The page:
The more I thought about it, the more it made sense...the power of yoga is how it creates a sense of calm and well-being in the practitioner, no matter how energetic the sequence. This calm is evidenced by how much you can let go during the final relaxation. A teacher needs to watch for agitated movement, clenched fingers or toes, fluttering eyelids—basically signs that the students cannot release their muscles, even in a quiet, soothing environment. That means the work of the class was not calming and the teacher needs to find a way to help the students relax. Or, even if the students appear to be relaxed, their minds are still racing and the students, themselves, have to figure out how to quiet their thoughts.
I think Savasana is one of the hardest poses to do, because it is so difficult to completely let go and just “be in the moment.” Here are some suggestions on how to relax the body and, once the muscles are released, to still the mind.
-Start with the body. This is not meditation, so you aren’t trying to alter your consciousness; you are trying to get the muscles in the body to relax and soften, so concentrate on the smallest and move to the largest. Start with the fingers and toes, which have the fewest motor neurons and, as a result, are the easiest to release. Then move up the legs and arms to the hips and shoulder and finally into the torso. The postural muscles (abdominals and back) are some of the most complex and it is much harder to release contracted muscles here, especially because the contraction may be habitual if this is where your store your stress, (i.e. upper shoulders, lower back).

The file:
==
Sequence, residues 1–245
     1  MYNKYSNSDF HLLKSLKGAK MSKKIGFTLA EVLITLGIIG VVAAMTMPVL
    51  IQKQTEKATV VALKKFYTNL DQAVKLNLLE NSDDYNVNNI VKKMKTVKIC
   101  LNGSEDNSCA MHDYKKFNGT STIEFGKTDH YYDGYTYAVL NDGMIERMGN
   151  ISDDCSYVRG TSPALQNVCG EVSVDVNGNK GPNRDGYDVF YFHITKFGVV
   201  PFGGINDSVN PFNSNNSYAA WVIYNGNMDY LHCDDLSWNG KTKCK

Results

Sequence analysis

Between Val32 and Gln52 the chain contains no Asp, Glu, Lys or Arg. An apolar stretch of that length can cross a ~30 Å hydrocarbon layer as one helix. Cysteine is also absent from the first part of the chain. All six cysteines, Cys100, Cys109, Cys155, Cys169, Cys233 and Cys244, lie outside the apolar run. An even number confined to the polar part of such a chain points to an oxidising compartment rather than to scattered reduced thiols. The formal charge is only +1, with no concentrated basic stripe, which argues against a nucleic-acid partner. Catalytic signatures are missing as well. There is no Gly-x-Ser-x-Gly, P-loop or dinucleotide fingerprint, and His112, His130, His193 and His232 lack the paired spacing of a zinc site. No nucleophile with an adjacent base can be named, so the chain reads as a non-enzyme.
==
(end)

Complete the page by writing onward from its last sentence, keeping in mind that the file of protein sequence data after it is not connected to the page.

-Stay focused on the muscles. It takes a lot of concentration to relax the muscles and keep them relaxed, so work on maintaining a released state. Sense the softening of your body with each exhale and imagine yourself sinking into the floor. Keep deepening the “melting” feeling, so each breath contributes to your continued relaxation.
-Stay in the moment. For me, it is hardest to quiet and release the mind. As the body relaxes, the mind wants to keep working so you have to shut it off or, at least, slow it down. Sometimes just repeating a simple phrase is enough: “Air comes in, air goes out,” with each breath, for example. Or visualize a scene that will keep the mind focused on the moment: clouds moving by in the sky or water passing over pebbles in a stream. Corpse is meant to be an “active” relaxation, so you want to stay present and aware, not distracted with the mind wandering.
-Do Savasana regularly. Being able to relax, but not fall asleep or zone out takes practice. But, once you figure out how to get your muscles to release and your mind to empty, you’ve got a powerful tool to help yourself stay calm and reduce stress. In a pinch, I’ve found being able to just “be” for 10 minutes is almost as good as a nap in terms of revitalization (almost).
Work on this during your next practice. See if you can get to that place where the body is completely soft and the mind is conscious, but not working. And if it’s really difficult, notice why that is. Being aware of where you are tense and can’t relax will give you a place to focus on next time (maybe by including some poses that target that area). Collect your clues and crack this case! ©Brenda K. Plakans. All Rights Reserved.